Hope Star from Hope, Arkansas on November 20, 1939 · Page 1
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Hope Star from Hope, Arkansas · Page 1

Hope, Arkansas
Issue Date:
Monday, November 20, 1939
Page 1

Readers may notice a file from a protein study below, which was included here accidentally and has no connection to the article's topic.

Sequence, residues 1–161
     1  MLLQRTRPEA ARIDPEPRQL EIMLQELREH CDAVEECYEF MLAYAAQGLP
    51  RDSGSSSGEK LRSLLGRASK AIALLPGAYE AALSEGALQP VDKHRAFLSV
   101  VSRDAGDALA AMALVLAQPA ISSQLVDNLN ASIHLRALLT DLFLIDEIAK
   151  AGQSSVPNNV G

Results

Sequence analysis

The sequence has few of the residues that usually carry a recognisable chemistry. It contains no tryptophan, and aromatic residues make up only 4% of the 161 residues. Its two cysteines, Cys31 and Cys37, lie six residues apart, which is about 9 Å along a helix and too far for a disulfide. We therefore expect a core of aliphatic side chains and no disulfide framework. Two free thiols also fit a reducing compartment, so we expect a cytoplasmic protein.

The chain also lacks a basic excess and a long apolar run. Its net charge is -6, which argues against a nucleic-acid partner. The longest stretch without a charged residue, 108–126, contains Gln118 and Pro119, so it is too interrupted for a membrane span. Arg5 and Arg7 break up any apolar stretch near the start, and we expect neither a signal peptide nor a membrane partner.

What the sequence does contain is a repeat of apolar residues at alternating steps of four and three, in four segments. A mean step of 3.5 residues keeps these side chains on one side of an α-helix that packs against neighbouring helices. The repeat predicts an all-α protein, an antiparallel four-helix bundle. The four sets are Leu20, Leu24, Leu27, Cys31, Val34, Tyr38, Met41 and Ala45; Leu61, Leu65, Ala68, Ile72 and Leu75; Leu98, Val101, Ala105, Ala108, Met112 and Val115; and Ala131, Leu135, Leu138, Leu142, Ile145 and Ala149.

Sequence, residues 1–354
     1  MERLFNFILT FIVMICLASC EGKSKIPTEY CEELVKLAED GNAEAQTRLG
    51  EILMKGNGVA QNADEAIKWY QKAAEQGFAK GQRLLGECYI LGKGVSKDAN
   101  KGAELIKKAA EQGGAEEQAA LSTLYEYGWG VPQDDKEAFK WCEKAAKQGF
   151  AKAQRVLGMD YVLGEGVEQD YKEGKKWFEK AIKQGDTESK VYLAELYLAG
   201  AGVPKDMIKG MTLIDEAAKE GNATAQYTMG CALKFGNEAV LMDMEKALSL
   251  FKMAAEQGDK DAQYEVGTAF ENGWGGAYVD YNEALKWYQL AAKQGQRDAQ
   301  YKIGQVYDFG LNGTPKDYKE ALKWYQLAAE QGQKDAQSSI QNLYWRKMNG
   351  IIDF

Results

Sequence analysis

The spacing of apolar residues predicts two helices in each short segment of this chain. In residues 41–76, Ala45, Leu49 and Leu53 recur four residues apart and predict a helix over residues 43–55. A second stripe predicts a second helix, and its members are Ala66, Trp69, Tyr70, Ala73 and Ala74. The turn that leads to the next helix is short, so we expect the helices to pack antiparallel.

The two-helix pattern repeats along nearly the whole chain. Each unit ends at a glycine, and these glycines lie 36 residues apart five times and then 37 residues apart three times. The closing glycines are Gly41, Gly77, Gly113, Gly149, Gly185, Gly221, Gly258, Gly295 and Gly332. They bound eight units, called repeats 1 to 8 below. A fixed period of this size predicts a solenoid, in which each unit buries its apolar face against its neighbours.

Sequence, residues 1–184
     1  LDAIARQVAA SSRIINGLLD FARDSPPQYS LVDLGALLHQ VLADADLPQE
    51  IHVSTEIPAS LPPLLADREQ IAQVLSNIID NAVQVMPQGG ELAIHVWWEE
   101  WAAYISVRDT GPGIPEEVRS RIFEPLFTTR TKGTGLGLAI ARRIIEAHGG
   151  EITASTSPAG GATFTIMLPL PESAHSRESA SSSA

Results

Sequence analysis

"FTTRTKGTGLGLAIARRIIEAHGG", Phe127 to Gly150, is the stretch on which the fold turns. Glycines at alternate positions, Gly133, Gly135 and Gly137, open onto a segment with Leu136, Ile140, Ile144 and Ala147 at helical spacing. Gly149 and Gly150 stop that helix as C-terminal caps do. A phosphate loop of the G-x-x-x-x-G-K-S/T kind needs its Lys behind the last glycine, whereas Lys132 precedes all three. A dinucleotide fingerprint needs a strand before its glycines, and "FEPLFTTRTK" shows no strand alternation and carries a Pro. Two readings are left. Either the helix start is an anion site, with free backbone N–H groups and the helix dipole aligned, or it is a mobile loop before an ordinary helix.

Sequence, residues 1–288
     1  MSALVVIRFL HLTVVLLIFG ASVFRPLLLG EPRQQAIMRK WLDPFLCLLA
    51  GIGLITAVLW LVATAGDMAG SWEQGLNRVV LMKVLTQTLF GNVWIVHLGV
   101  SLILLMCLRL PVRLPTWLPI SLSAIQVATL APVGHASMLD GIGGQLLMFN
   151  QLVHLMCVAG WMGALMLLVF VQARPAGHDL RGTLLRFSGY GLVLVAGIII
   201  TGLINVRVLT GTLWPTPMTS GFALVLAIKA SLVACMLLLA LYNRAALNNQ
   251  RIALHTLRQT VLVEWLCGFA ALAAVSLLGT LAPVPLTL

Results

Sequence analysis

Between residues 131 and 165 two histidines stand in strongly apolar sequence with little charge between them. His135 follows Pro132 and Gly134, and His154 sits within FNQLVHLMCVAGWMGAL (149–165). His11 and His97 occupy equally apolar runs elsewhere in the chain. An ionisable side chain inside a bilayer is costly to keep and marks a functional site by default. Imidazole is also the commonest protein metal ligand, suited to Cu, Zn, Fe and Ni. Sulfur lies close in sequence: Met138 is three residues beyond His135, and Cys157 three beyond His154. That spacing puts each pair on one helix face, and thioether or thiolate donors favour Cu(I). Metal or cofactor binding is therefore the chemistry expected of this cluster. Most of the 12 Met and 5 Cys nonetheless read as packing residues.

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World-Wide New* Coverage Given Impartially by Associated Press VOLUME 41—NUMBER 32 * Hope Star The Weather ARKANSAS — Partly cloudy day and Tuesday; cooler Tuesday with light scattered frost in. northwest portion. HOPE, ARKANSAS, MONDAY, NOVEMBER 20, 1939 QUORUM COURT MEETS PRICE 5c COPY New Tabulation of Red Cross Reports Boosts Total $887 Campaign for Memberships In City of Hope About Complete $89.30 ON MONDAY Reports From Rural Area Are Being Received by Weisenberger .Adtliliunnl reports of last woi-k'.s Hod Cross cnmpnign .sent the new lotnli to $887.7(1 Monday. Committee reports from Ihe rural iircn of Hempstc-ad county are bei.iR received by lioyace Wei.senlicryt.'r. rural chairman, and will follow the do.s- IJIK drive in Hope. Previously Reported n. F. Bi-ctfl Mr. 13. C. Lewis . .:.. Mr.s. B. C Lewis Ervin Tnte Howard Houston Clarice Cannon Mrs. Robert Campbell Mrs. A. B. .Spiiif-Kitij; Mrs. S*. Callicut . .. Mrs. L. C. Helms . .. Mrs. D. M. Kinley Miss D. O. Elkins' ... Miss Irene Eason Mrs. Delia White . , Mr.s. D. H. McLwjwe Pete" Killian Mrs. Claude Afjeo Jolin C. Turner Mrs. Lenurd Ellis L. D. Springer Max Cox Franklin Morton Mrs. Earl O'Neil Mr.s. W. C. Page Billy Wray Ji> Mrs. Dorsey McRac Sr. Ben McRac . .. Cash \ V,' /. Kiiirweathcr'...'. Vera ..Ramsey Jessie Butler Mr.s. George Francis .. Mrs. Mildred Still Era Turncline Francis Cooper J. Golcslon Lena Oliver Julia Weatherspoon Jessie May Tallcy Gantlicr Ware W. G. Led ford Kathleen MeFaddin Mr. E. E. Austin Mr.s. Austin Franks Mrs. S. F. Hunllcy Mrs Charles Wingficld Mr.s. A. J. Neighbours Miss Oliver Jackson E. H. Ei/.^cil C. A. Evans . H. K. Wilkinson ..... Charles McPherson Joe England Ben Wilson William Fort .1. W. Frith W. E. Waller Dorsey McRae Jr. Edna Karl Hall Tonimp Thompson George Mcehan . P. L. Taylor Talbnt Field Sr Southern Ice N. P. McCarney Oscar Greenbcrjj W. A. Mudgett ; W. H. Gunler Mrs. W. H. Guntci- O. C. Ellis . i.tm 1 .()() 1 .00 I. (10 1.00 1.00 urn 1.00 1 .00 1 .11(1 1 .(10 1.00 1 .00 1.00 J.OO 1.00 1.00 1.00 1.00 1.00 1.00 1.00 1.00 1.00 25 1.00 1.00 25 .2, r i .1(1 .10 .10 2,-> .10 .1(1 I'.nn i.oo i.oo i.oo i.oo i.oo 1.00 .25 1.00 .50 1.00 1 .00 1.00 1.00 1.00 1.00 1.00 1 .00 1.00 1.00 l.tHI 1.00 1.00 l.fld 1.00 1.00 1.00 1.00 (Continued on Pago Three) Assistant Prosecutor Is Kuhn Trial Witness NEW YOKK —(fi't— An assistant district attorney, called by the defense Monday at the trial of Fritz Khun, testified that the German-American Bund leader's bail was rai.sed from $5.000,10 $50,000 last September because of fear that he was about to flee to Mexico. H. Wade, El Dorado Store Owner, Shot Big Merchant Killed by Knife of an Aged Itinerant El, DORADO, Ark —(/IV- Hopkins Wade, about .17. prominent El Dorado merchant, knifed by an elderly Iran.s- <.'tit here .Saturday night, died in a hospital early Monday. Wade was wounded in the neck, his injury at. first appearing .superficial. State Poliee Sergeant W. M. Nichols nnd Patrolman O. A. Williams, who arrested the transient after the attack occurred in front of Wade's El Dorado Department store, said tlic prisoner gave hi.s name as George Jeninson. Church Conference 3:30 p.m. Tuesday Eight Churches to Be Represented at Conference Here Tuesday A regional evangelistic conference will be held at 11:30 o'clock Tuesday afternoon at First Presbyterian church in which eight churches of southwest Arkansas will be represented. The program: Worship at 3:'M p. in. Theme "Our Need of Evangelism." by R'. D. Nolrn. Address—"Religious Education and Evangelism," by S. J. Patterson, Jr. Address—"The Auxiliary and the Crusade," by Mrs. R. V. Hall. Address—'The Men and Evangelism ' by \V. W. Hicks. Address—'The Young People's Part', by a Tcxarkana young person. General discussion and plans for setting up the crusade in the local churches, led by the chairman. Supper- Served by the Hope Church. A umniiifil charge of 25 cents per plate. Address — (Inspirational! by Hev. O. L. Graham of Texarkana. Free School Lunches To Be Discussed Here Mrs. Sally M. Brooning, director, llempslead county department of Pub- lie Welfare, announces that Mr. Thurston A. Blakely, field representative of the Federal Surplus Commodity Corporation, Washington D. C. will be in Hope for a meeting Jo discuss free school lunch programs" for Hie county. Meeting will be held at 2:00 p. m. Tuesday in the Municipal Court Room, City Hall, Hope, Arkansas. All school districts and P. T. A. chapters arc urj,<pd to have representatives al the meeting. A Thought Whoso stoppetli hi.s ears at the cry of the poor, he also shall cry himself, but .shall not be heard- Proverbs 21.13. Possibility of a Tie for Football Conference Title Hope Port Smith and Pine Bluff in Running for Honors SEEK BENTON GAME Effort Being Made to Fill Open Date On Bobcat Schedule BULLETIN Coach Foy llummons HIIIIOUIU-- r<l ill 3:3l) o'clock Monday afternoon that Benton High School football (cmn—a confcrcnc'c tciun—would come lo Hope for a came with the Bolic.-it.s «t 7:30 o'clock Thursday night. .Provided the Bobcats win Thursday nifflil, tliey BO lo Pine Bluff November :!0 to battle, for the Arkansas High School Conference football title. The Be.iton team has one of the greatest high .school punters in Arkansas prep circles in Halfback Moore, who also is the ace hall carrier for that team. There';; a possibility of a three- way lie for the Arkansas High School Conference football championship. Here are the "if.s" the stand in the way. It Hope should defeat Pine Bluff November 30 at Pine Bluff both teams would wind up with a percentage of .833. A tic game or a win for Pine Bluff would give the Zebras undisputed possession of the. title. A tie game figures a half game won, half game lost. If Fort Smith wins both of its remaining two conference games—North Little Rock this week and Hot Springs the next—then, Fort Smith would also finish with a percentage of ,833. Seek Benton Game The Bobcats Monday morning were without a game this week, having an open date on the schedule. The High School athletic committee was to meet during the morning in" 7 an effort to schedule a game with Benton High School, a conference foe, Benton is also without a game this week. If negotiations arc successful—find provided that Bobcats win over Benton—then the battle between Hope and Pine Bluff would be a championship affair. A Hope victory over the Zebras would give the Bobcats undisputed possession of the title, provided of course, the Bobcats got by Benton. The Standings (By The Associated Press) Team Won Lost Td. Pet. Pino Bluff 7 0 1 .038 Hope 4 l o Little Hock 4 1 Fort Smith 3 1 E! Dorado 3 2 North Little Rock 4 3 Hitler's Limit on a Woman's Clothes Would Start Another War in the U. S. Hot Springs Russellvillc Forms! Blythcvillc Benton Ciimrlcn Clai-k.svlilc Fordyee Joncsboro .800 .750 .750 .fiOO :SB2 .50(1 .500 ..WO .400 .333 .200 .llifi .000 .000 I'laycr Rob Hulson (Pine Bluff) Scorers Td. Pat. Total S 0 48 (Continued on Pago Three) U.S. Split in Two Camps Over Thanksgiving Day 1939 NOVEMBER 1939 WED THUR FRI SAT Christmas Seal Chairman Named H._0. Kyler County Chair- ments Monday II. O. Kyler, county chairman for the tuberculosis Christinas Seal Sale, announces the appointment of the following local chairmen to serve in this county; Chester Lester, Fulton; V;m Hayes Washington; S. V. Benson, Blcvin.s; Lawson Glover, Hope; B. J. Drake, Pntrnos, Tom Garland, Emmet and C. Wilson, Columbus. 'Protect your home from tuberculosis' is the slogan of the capaign," said Mr, Kyler. "No home is safe from this disease until all homes are safe. Tuberculosis is still the leading cause of death in the age group from 15 to 45. This group includes our young people, and men and women in the most productive years of their lives. Last year the disease took 1,003 Arkansas lives and in this county we have approximately 185 cases. The Christmas Seal campaign will open on Thanksgiving Day and continue through Christmas," Mr. Kyler announced. "The purchase of these gay stamps makes possible the continuation ot those measures which are bringing about the gradual eradication of the disease. I am .sure wo can count on Ihe people of Hemp.slead county to make our own campaign u successful one," he said. Robber7Nets$4() In School Moncv B' Ilitfh School Properly Is Dunmged Hy Robbers Over. Week-End Hobber.s over tin; w<-i-l(-(;iid causod considerable damage to school property and Hot away with about $40 in cash after breaking three desk locks al the high school building. The robbery was discovered al 7:li(l a. m. Monday b.v Principal J, H. Jones who notified Folia- Chief Sweeney Copt-land and Sheriff C. E. Baker who are conducting an investigation. The robbers elite-rod the cafctrila, stole .several bars () f candy, and then made their way into tin- hi K h school office by breaking looks on doors. Inside tho office, the rubbers broke locks on three desks and caused other damage In school property. The 540 in cash wa.s taken from the .school vault. Entrance- lo the cafelrria was mafic by smashing a window. Apparently a crow-bar was used h, breaking locks on doors and do.sks. No one ha.s been arrested. D. L. PhillipsfMo. Pac. Ex Land Agent, Is Dead LITTLE DOCK —t./l'i- Dlil Lincoln Phillips, 74. retired land commissioner for the Missouri PacifiO Lines, died in a hospital here ]\]oji- da.v following a brief illness. This chic feminine uppnrel-you'd just love the woolen longies and (lie i ifflvtsliirl-rcprcscnts just "two points" more than a Gernrm wo .nan ,s allowed to buy in » year under the new "point system"™ at o^ "*•, EaC " arlltie , is "«»*«« with (he number of "points" it re- and «o one may buy more than "100 points" worth in 12 months ®- , e ea s o iigiiro out.lMW.to dress under the. new "point system" -of rationing: clothing now in force in Germany Under the system each woman may buy only 100 .points worth ot clothing a year. Each article is counted a specified number of "points," ranging from four polnte for silk stockings, to 45 'points" for a tailored suit. I here s only one other rule— only six pairs of silk hose are allowed each year, Demands of American women vary widely, but department store buyers say that outside Ne^v York City the average woman probably would require some 700 points m clothing a year, as figured by the Nazi system. onm^ni 7 S&meyonsM. Here's a list of the points counted lor each article— and remember no more than 100 points may be spent a year • Tailored suit, 45; knit jacket, 25; blouse, 15; skirt, 20 ; wool dresses, 40 ; other dresses, 30; brassiers, 4; non- woo underwear, 12; wool underwear, 20; corselet, 15 corset, 8; shp 10; apron with bib, 12, and nightgown, 18-; German Plane Shot Down Over Holland by theJDutch Gunners Nazi Pilot Killed in Third Border Incident—Mines .Strike Down Eight Ships in North Sea With Loss ofj 7 7 Lives KOUHMON, Netherlands -(/!>,- A Gtrman miliu.ry plane apparently cTi.SMblcd by Netherlands anti-aircraft guns, crashed in a meadow near her Monday, hiding the pilot, its only occupant. This was the third incident in aslii _____ many days in which German planes flying over Netherlands territory hiid been fired upon. Hit country is evenly divided in two •\vwring" factions o\er observance of Tliunksgivinir Duv this veur Hull the slates refused lo follow I'resident KooseveK, who called fo, ol.servtu.a- of (lit- day Nov. 23, instead of Nov.'ill xvhu h wr.uld he the traditional date. Two states split Ihe difference and will observe both days Here's how thev Mi ram-:; in South Africa occasionally lire so distinct us to make animals hurry lu drink from vk-ioiuu'y pooh.. Mines Sink Ships LONDON, Eng. -(/P)— Mines al least temporarily .supplanted submarines as the leading sea menace off the British coast Monday as the floating explosives added still further to the war's greatest week-end toll for merchant shipping. Eight vessels were reported sunk in the North Sea over the week-end with 177 dead or missing. The sinkings included the IMS-ton British trawler Wigmore with a crew of 1C and (he I,2ti7-lon British fo)- lier Torchbcarer, which sinking was disclosed Monday. Four survivors of I ho Torchbcarcr's crew, reported to be lo. were landed al an English port. -^ Surety Bond Now Is a Requirement Stone County Sheriff Barred Because of Failure to Get It . . riane Over England LONDON, Eng.'-<V!V- An unidentified plane flew over Essex, southern Kent, and the outskirts of London Monday, trailed by anti-aircraft fire, but no air raid warnings were sounded. Flying over the southeast coast at n greiil height Die plane uvis greeted by a steady fire. British chasers streaked in pursuit as the craft .sped eastward. In one town crowds gathered in the .streets to watch the firing against the plane. (ivnmuiii Flooded Out PARIS, France --(XIV- Germans continued wide-spread scouting flights over France Monday while the flooded Rhine and other border rivers Iwccd the suspension of even local operations along the Western front. Military sources said the Germans LITTLE ROCK -(/P)- The Arkansas Supremo Court upheld Monday the constitutionality of the 1937 act requiring state, district and county officials to file surely conwany bonds in lieu of personal bonds. Ruling the two-year-old statue mandatory, the court held that John B. Grower forfeited the right to serve as Stone county's sheriff and collector when he failed to file surety bonds within 15 days after he received his commission, Court Convenes Here Monday Afternoon The regular Monday session of Hope municipal court was not convened until 1:30 o'clock in the afternoon due lo the absence of Judge W. K. Lcinlcy who spent Monday morning al Tcxarkana attending a rural electrification meeting. Results of proceedings of the afternoon session of cour twill be published Tuesday. Cott :on iCoiituiued 011 Page Thiee) NEW YORK—(/P)—New York cotton I for December opened Monday at 9.73 : and closed at 'J.77, middling apul !).9S. Methodist church with the Rev. Kenneth Spore, pastor, officiating, assisted by the Rev Fred R. Harrison of Arkadelphia. Burial was in Rose Hill cemetery. Pleas Presented for Library, Fair, At C.C. Luncheon Chamber of Commerce 1$ Host at Noon Luncheon at Barlow; A COUNWjLIBRARY R. P. Bowen, C. C. Secretary, Presents Fair and Library Pleas The Hempstead County Quorum Court, assembling at Hope city hall Monday"for its annual levying session. was entertained by. Hope Chamber of' Commerce with a noon luncheon at Hotel Barlow, where pleas were presented for support of a county library and the county fair. Guy E. Basye presided for the chamber, and County Judge Frank Rider for the court Mr. Basyc presented Secretary R. P. Bowen of the chamber. Mr. Bowen said that, finances permitting, it was hoped the quorum court would approve $25 a month for the county-wide library project, in which event -$3,000 a year woujd be forthcoming from other sources. Asking an appropriation for the county fair, Mr; Bowen said the fair cost from $1,500 to $2,000 to put on; it made some money in 1938, but lost in 1939. He asked for a contribution from the county to help the premium- list, with the expectation that the City of Hope would match the county's appropriation. Judge Rider spoke briefly after the board of directors of the chamber and the members of the court had been introduced to the luncheon meeting. The quorum court is in session here ' Monday afternoon. Funeral Monday f or RJ. Briant Services Held at First Methodist ChuVcii at v 2:30 o'clock R. T. Briant, 50, Hope florist and planter, died at 8:55 p. m. Saturday in Julia Chester hospital. He had been in ill health Several years, but remained active until a few days ago. Mr. Briant was born and reared in Hope, and was well-known throughout the county. Funeral services were held at 2-30 , ^"J-"-"*- 3 . i<--xas — i/tv— oroojts uot- o'clock Monday afternoon at First fman > 39> Da . 1Ias attorney who had been MV^iirtdtci nl-.ni.nU ...:*u ji__ i-i if CllarfiGti wif.ll assault in miin/^A** o Slain by Woman Brooks Coffman Previously Charged With Attempted Murder DALLAS, Texas —(IP)— Brooks Cof- nan, 39, Dallas attorney who had been charged with assault to murder a woman with an ice pick, was wounded fatally in a Main street shooting early Police said the woman turned two . Surviving are his widow, one sis- guns on him > firing eight shots from ter, Miss Fay Briant of Albuquerque an aut °matic and six from a revolver. New Mexico, two uncles, R. M. Briant suspect surrendered of Hope and Tom Haynes of Wash- --- ington; three aunts, Miss I. H. Gamer of Nashville; Mrs. Paul Bailey of Washington and Mrs. W. R. Pruitt also of Washington. • CRANIUM CRACKERS ^ About Rivers If you studied your geography lessons carefully when you were in school, you won't have much trouble with today's problems. All you need to do is pick out tho name of the body of water into which the river named in each group flows: 1. Mohawk river: (a) St. Lawrence river, (b) Bay of Biscay, (c) Hudson river, (d) Lake Erie. 2. Missouri river: (ai Mississippi river, (b) Gulf of Mexico, (c) Rio Grande river, <d» Crcut Sail lake. 3. Allegheny river; iai Lake Huron, <b> St. Lawrence river, (c) Atlantic ocean, (d) Ohio river. 4. Columbia river: t;i> Caribbean sea, (a) Lake Superior, (c) Colorado river, (d) Pacific ocean. 5. Susquohanna river; (a) Atlantic ocean, (hi Chesapeake hay, (c) Potomac river, uli Hudson bay. Answers on 1'aiie Two Spore Reappointed Methodist Pastor Announcements Must Be Signed Within the last several weeks The Star has received a number of announcements which, because their senders failed to sign name and address, can not be published. Signatures are not printed, but the authority back of the announcement must be known to the management before it can be used. This rule is enforced absolutely in announcements concerning weddings, engagements, births and deaths. If any subscriber lias sent such an announcement to us and failed to get it published it is because the announcement was not signed—and unsigned communications arc treated alike, even though the omission is an oversight. Methodist Ministers Are Given Assignments , at Conference The Rev. Kenneth, L. Spore was reappointed as pastor of First Methodist church of Hope at the closing session of the Methodist conference Sunday at Warren. • " Bishop Charles C. Selecman read the assignments of the pastors. The assignments in the Prescott district: District superintendent, J. D. Baker. Amity station, Frederick W. Schwin- dimann. Bingen circuit, E. T McAfee. Blevins circuit, Charles H. Giessen. Columbus circuit, to be supplied. Center Point circuit, J. Hurl Ward. Emmet-Bieme, O. C. Birdwell. Forester-Mount Ida, George W. Warren. Glcnwood circuit, I. A. Love. Gin-don, A, C. Corraway. Hope, K. L. Spore. Mineral Springs circuit, E. H, Marlin. Mui-freesboro-Delight, George W. Rrfberfson. Nashville, Arthur Terry. Oklahoma circuit, T. M "Armstrong. Prescott station, O. E. Holmes. North Prescott circuit, S. C. Duggar. South Prescott circuit, Jess T. Davis. Saline circuit, A. N, Youngblood. Spring Hill Circuit, Noel Cross. Washington-Oxan, J, A. Newell. District missionary secretary, O. E. Holmes. Student Southern Methodist University. Lewis W. Averitt. Conference director of young people's work, Arthur W. Terry. The Line Forms On the Right, Please MITCHELL, s. D.-</p)-Scymour Heclecn was bringing his wife to the hospital here when he felt pains in his side. Doctors hustled him to the operating table and nipped out his appendix. Mrs. Kedcen returned home to run the farm. Her luni is next.